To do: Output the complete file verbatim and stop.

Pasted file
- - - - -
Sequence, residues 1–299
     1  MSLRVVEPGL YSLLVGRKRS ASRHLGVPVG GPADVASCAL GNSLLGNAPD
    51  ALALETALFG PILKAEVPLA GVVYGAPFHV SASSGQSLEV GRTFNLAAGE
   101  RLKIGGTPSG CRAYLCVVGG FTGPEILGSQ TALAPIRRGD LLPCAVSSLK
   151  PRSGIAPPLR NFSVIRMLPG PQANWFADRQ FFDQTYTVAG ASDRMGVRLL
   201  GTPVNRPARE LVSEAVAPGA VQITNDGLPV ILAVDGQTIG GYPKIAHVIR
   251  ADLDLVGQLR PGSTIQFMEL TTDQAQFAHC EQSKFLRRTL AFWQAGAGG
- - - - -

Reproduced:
Sequence, residues 1–299
     1  MSLRVVEPGL YSLLVGRKRS ASRHLGVPVG GPADVASCAL GNSLLGNAPD
    51  ALALETALFG PILKAEVPLA GVVYGAPFHV SASSGQSLEV GRTFNLAAGE
   101  RLKIGGTPSG CRAYLCVVGG FTGPEILGSQ TALAPIRRGD LLPCAVSSLK
   151  PRSGIAPPLR NFSVIRMLPG PQANWFADRQ FFDQTYTVAG ASDRMGVRLL
   201  GTPVNRPARE LVSEAVAPGA VQITNDGLPV ILAVDGQTIG GYPKIAHVIR
   251  ADLDLVGQLR PGSTIQFMEL TTDQAQFAHC EQSKFLRRTL AFWQAGAGG